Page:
"In MMA a fighter can be hit in the head up to 20 consecutive times before the ref stops the fight," Young says. "This couldn't happen in boxing — the ref would stop the fight after three or four progressive hard hits to the head."

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User comments
mma is NOT safer than boxing. I think it is gutless fighting on the ground and is teaching the youth to do so on friday and saturday nights. I love watching boxing but still think its silly that people bash the crap out of each other, but mma is good to watch on their feet but as soon as they take it to the ground its boring and brutal. kids used to copy restling moves on each other now they use mma on each other. Let them get up and fight... no honour!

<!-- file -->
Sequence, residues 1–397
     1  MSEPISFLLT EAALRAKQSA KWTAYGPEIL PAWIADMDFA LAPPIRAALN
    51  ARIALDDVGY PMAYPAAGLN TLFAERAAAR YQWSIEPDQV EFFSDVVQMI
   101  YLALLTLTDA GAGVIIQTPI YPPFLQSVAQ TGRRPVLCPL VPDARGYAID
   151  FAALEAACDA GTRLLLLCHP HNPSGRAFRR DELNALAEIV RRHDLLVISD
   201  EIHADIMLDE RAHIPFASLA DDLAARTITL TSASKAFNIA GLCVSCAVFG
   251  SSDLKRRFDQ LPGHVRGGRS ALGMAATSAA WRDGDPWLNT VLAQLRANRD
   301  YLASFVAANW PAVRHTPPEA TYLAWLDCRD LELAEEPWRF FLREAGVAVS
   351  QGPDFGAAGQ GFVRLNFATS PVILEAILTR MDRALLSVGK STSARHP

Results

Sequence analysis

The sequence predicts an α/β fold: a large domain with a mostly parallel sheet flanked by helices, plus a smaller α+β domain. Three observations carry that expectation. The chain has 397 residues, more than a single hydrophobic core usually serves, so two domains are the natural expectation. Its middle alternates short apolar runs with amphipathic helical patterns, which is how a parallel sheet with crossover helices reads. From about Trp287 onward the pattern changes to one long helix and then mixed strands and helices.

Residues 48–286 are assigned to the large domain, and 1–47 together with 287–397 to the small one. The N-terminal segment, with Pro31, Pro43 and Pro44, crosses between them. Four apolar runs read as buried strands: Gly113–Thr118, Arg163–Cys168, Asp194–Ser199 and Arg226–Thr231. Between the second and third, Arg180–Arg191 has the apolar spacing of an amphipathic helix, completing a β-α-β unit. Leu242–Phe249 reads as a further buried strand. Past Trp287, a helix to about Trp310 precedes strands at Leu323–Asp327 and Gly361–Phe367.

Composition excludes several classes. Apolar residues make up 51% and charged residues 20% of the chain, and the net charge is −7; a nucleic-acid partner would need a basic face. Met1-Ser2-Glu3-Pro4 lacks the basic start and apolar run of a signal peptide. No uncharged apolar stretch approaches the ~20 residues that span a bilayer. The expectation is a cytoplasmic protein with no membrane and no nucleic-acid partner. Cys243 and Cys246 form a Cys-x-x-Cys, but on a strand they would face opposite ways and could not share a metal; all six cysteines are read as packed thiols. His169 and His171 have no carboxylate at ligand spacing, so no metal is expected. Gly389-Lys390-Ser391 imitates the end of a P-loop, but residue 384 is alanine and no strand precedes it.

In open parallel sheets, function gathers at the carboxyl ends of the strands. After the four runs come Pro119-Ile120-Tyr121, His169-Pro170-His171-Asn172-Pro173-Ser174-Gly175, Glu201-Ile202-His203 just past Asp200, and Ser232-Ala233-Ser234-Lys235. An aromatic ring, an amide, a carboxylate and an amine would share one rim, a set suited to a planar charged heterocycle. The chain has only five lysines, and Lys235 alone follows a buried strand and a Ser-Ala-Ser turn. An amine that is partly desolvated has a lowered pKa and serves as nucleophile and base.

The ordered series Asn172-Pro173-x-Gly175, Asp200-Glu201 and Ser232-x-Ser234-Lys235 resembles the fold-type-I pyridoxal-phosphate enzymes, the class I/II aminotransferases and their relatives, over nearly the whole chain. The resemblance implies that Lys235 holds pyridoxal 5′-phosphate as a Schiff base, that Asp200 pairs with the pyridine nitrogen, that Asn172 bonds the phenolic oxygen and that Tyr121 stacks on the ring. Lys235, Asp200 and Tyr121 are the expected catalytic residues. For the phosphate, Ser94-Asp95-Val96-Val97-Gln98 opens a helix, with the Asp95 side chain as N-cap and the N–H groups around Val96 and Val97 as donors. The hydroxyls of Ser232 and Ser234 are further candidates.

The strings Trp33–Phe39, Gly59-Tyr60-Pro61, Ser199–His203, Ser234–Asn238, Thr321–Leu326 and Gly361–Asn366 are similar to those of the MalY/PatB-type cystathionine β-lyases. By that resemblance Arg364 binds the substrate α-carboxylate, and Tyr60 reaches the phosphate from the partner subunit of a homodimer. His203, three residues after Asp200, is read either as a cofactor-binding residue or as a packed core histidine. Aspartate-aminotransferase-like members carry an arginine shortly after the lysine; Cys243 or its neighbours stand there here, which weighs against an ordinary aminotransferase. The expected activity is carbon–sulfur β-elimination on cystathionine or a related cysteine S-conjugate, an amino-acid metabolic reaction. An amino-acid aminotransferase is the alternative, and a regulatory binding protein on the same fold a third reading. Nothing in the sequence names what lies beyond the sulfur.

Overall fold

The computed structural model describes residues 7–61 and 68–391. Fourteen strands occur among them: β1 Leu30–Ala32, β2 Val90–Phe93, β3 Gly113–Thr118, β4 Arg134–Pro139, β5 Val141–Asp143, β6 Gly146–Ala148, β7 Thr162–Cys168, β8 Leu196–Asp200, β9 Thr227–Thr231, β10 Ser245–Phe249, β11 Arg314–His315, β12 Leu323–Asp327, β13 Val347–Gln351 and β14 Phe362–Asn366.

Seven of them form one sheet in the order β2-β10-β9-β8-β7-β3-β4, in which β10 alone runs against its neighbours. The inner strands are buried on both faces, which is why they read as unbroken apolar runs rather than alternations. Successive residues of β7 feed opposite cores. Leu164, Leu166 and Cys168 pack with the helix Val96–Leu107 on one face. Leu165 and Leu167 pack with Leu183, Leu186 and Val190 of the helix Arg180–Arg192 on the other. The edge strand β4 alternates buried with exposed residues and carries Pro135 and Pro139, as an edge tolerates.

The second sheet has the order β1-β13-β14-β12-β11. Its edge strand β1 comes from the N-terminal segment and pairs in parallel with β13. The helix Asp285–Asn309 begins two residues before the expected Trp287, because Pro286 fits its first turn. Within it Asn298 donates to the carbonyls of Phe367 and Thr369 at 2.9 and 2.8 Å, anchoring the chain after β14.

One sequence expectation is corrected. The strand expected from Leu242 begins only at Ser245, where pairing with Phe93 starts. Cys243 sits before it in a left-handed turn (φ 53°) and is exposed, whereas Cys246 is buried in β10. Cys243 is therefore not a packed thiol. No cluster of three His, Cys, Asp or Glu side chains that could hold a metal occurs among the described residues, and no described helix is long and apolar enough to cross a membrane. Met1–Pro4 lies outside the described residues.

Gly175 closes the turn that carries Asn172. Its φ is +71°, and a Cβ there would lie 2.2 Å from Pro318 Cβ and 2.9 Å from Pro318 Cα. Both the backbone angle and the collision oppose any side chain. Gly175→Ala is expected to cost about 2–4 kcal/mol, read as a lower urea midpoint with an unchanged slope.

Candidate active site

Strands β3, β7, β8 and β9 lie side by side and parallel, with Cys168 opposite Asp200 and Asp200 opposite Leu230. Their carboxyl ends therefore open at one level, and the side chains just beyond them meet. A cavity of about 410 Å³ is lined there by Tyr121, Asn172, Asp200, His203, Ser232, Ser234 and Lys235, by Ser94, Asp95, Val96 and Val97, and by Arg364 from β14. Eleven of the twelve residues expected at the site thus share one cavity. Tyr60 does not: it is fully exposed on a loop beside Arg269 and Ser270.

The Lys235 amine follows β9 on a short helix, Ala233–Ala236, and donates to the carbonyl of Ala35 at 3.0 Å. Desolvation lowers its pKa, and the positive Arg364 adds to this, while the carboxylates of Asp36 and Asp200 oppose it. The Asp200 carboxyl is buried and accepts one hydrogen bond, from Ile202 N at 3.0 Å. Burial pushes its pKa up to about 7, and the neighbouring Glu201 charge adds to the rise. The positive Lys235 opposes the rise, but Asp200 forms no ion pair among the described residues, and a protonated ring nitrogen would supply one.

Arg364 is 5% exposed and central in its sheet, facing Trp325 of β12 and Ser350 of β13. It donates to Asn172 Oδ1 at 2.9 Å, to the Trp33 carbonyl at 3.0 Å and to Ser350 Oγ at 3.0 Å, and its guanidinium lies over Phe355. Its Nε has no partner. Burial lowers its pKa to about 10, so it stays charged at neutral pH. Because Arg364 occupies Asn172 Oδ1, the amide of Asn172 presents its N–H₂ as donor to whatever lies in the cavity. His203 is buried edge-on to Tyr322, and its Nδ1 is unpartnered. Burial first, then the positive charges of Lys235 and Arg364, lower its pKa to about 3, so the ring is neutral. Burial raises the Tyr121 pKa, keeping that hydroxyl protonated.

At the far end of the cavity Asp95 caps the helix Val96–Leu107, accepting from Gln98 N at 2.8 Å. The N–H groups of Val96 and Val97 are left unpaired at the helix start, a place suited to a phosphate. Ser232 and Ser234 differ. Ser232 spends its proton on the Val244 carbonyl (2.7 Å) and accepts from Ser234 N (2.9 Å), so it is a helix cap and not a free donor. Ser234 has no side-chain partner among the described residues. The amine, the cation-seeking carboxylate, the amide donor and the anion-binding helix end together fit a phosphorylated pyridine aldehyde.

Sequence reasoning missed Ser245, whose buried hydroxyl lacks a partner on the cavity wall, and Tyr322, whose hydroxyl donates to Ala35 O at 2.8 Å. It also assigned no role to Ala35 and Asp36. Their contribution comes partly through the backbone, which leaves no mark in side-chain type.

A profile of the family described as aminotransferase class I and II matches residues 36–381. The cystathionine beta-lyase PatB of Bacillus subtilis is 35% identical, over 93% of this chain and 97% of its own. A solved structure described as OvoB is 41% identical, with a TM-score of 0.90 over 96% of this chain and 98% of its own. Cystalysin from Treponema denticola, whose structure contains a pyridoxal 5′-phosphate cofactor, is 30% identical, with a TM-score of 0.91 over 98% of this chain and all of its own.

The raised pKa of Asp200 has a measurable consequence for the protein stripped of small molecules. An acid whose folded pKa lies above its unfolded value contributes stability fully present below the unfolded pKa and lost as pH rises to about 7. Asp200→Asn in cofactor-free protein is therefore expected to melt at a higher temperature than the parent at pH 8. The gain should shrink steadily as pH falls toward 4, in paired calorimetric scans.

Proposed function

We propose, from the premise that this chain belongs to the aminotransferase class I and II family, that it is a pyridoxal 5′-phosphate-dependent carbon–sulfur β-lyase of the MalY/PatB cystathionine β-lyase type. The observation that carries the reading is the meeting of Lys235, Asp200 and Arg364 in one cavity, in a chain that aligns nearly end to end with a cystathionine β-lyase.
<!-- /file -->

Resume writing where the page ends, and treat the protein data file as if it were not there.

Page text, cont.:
I would like to comment in regards to Mr Youngs comments regarding MMA and in particular submissions. I Have done Brazillian Ju Jitsu for the last year which by no means makes me an expert, but i know enough that the idea of submitting someone is to place your opponent is a position in which they are unable to escape untill they conceed defeat. As far a striking an opponent it really makes very little difference how you strike them as if you hit them with an elbow, fist or shin the end result will potentially be the same. In any contact sport the potential for a major injury is a constant and providing that the people involved are physically well equipted to deal with the contact then the risk is minimised. MMA is not a sport that you could just jump in and have a go, it requires a lot of training and discipline to compete at any level, my perception is that the boxing fraternity are doing what they can to protect their professional interests by tagging MMA as a ruthless blood sport.